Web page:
Wednesday, June 17, 2015

The Assassination of Margaret Thatcher - Hilary Mantel

20563988The fact that the title of this book references a fictionalized event (Margaret Thatcher's assassination--also not a reference to October 12th, 1984 assassination attempt) should be a pretty good indicator of the book's contents.  It's short stories, and all of them have this sense of being completely plausible while also being completely fantastic and utterly creepy.

I feel like I'm not a good judge of short stories.  I know I could never write one; they take a tremendous amount of restraint to do properly, and that's something I seem to lack when it comes to writing.  Mantel, however, has this quality in spades.  She knows exactly how much to reveal in each tale and how much to leave lurking in the shadows, where you can almost but not quite get a glimpse of it.  The topics covered in this collection are broad, from matters of extramarital affairs to dealings with the supernatural to just plain tragedies that are left so that they'll almost give you nightmares.  The endings are, in more than one case, menacing, and the writing style is so matter-of-fact that it's hard to believe that the world could be any other way.

I really enjoyed this, particularly the "Winter Break" story (so creepy) and the titular "The Assassination of Margaret Thatcher," because even though I knew the attempted assassination was fictional, Mantel presented it so elegantly that I felt an urge to look up Thatcher and make sure I hadn't missed something (I don't think I did).  However, one thing I feel is that short stories are often rife with dimensions and symbolism that require deep study, and on a few of these ("Commas") I definitely felt like there was something I missed in reading.  I think several of these stories could bear with a deeper examination, but quite frankly I'm not the right person to do that.  I think this could make a wonderful book for a literature class, though--one that could provide excellent curriculum while also being an entertaining read for the students.  The slight touches of supernatural are enough to make one think, "But what if...?" while not straying into outright realms of fantasy, and the more menacing aspects of the stories (cloven hoofs and grubby hands come to mind immediately) send shivers down the spine.  Overall, I really enjoyed this, and I might look into picking up one of Mantel's novels (which are, I'm told, quite different) once I work through some of the other volumes currently in my possession.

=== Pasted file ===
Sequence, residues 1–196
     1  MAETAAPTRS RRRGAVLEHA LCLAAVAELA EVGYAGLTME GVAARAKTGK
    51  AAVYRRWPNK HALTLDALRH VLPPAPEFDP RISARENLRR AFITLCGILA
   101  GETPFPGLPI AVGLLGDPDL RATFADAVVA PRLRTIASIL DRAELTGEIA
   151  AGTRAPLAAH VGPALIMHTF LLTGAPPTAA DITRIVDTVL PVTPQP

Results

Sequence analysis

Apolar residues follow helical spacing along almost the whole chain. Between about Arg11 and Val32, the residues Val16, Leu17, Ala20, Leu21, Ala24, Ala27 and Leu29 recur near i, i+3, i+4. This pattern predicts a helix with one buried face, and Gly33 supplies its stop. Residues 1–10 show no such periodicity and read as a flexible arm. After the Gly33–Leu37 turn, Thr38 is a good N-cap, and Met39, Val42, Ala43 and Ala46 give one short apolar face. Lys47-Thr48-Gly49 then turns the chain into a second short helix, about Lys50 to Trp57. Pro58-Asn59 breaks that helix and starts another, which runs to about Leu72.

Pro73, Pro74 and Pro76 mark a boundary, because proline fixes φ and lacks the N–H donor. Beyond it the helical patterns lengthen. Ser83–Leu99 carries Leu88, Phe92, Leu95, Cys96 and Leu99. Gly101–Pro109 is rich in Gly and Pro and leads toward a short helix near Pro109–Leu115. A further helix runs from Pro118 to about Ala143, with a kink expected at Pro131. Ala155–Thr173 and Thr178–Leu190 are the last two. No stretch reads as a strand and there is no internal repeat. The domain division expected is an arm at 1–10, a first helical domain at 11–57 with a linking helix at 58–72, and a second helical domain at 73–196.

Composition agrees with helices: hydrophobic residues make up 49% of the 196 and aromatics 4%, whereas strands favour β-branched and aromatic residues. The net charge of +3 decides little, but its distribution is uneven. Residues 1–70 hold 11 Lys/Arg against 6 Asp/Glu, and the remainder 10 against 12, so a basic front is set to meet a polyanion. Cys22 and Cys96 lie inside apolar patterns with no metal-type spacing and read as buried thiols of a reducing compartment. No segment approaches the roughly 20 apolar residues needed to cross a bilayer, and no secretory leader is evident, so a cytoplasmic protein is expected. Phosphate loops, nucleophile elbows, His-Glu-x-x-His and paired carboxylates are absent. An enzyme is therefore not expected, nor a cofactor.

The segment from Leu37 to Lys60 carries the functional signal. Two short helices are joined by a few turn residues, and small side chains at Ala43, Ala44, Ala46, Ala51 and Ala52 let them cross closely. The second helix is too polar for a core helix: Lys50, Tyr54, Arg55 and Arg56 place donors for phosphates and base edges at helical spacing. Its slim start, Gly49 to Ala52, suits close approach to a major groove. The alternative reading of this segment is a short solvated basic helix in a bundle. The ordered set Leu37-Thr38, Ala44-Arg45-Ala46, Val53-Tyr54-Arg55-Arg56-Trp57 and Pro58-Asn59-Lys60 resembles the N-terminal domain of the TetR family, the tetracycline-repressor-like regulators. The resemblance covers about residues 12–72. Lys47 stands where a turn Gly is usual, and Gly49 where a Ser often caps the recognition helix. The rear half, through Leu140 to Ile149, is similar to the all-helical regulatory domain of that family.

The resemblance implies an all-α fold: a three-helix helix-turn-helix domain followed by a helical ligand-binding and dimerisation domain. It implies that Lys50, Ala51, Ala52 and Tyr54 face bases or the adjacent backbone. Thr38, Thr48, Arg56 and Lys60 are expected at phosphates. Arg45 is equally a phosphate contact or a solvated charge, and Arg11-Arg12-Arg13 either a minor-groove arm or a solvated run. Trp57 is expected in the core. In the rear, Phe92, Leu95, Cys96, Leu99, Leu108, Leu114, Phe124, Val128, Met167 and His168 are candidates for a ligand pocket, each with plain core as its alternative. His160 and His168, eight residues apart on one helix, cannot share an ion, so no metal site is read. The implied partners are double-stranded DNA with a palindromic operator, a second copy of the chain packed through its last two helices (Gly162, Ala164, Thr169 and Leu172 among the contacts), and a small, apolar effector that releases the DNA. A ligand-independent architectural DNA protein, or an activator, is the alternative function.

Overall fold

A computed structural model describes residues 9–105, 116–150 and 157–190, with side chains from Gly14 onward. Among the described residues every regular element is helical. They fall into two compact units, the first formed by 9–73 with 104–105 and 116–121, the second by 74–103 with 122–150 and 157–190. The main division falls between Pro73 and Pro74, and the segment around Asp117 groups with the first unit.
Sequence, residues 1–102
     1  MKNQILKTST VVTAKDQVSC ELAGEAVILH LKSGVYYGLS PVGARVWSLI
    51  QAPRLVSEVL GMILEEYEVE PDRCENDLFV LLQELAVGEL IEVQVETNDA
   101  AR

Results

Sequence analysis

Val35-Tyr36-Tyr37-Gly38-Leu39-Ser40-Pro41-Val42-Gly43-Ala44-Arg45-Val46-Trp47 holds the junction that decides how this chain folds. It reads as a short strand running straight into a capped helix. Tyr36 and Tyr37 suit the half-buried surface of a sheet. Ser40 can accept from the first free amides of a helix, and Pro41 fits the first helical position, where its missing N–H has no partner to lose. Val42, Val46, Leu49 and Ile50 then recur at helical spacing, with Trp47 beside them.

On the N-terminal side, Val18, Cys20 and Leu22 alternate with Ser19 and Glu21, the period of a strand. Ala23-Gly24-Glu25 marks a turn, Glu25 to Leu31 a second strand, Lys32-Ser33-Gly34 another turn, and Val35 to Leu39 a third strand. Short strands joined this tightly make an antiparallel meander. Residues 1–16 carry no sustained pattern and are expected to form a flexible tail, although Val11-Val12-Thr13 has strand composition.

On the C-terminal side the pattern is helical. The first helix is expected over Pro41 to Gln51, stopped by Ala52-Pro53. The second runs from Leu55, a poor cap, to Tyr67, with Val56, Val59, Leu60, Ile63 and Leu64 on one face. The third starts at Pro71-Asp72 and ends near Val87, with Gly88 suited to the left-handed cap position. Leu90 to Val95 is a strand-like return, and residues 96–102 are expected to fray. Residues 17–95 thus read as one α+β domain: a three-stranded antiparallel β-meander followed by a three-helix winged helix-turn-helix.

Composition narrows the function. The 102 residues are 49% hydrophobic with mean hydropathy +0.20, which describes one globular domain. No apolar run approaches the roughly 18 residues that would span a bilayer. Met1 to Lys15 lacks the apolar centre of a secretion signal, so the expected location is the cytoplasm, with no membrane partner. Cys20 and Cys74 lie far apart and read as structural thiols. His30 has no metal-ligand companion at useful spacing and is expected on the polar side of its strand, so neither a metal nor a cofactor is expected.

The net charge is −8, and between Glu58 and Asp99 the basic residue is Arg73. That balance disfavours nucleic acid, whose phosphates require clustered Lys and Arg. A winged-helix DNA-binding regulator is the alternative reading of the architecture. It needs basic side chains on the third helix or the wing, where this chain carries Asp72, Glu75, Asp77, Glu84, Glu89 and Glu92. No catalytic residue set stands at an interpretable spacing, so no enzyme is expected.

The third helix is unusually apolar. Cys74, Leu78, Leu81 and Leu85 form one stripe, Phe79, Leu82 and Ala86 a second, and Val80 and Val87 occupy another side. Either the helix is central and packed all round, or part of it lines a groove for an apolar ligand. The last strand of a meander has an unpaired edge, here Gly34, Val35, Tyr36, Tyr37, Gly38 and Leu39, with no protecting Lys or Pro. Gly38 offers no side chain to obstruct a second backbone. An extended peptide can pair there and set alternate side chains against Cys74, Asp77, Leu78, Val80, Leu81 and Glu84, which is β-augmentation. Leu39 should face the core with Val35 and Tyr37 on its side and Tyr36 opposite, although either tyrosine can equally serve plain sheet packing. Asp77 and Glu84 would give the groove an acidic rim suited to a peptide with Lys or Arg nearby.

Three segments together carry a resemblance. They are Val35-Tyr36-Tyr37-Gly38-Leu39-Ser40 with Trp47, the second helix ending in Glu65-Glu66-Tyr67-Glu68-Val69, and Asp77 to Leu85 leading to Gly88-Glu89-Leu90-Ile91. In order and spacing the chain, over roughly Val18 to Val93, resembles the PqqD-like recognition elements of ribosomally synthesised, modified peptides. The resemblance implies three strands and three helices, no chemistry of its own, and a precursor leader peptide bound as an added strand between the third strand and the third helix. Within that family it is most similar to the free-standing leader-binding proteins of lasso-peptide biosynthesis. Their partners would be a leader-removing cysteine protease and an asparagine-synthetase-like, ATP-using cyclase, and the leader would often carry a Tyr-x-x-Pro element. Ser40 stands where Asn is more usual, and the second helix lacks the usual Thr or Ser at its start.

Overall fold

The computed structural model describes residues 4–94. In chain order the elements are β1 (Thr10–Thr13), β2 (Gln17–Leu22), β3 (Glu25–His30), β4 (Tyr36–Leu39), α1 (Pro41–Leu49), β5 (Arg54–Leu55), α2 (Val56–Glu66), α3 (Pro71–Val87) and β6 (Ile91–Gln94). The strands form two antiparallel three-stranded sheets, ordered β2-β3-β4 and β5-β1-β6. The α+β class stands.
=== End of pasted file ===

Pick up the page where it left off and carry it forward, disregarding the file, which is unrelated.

4 out of 5 stars.

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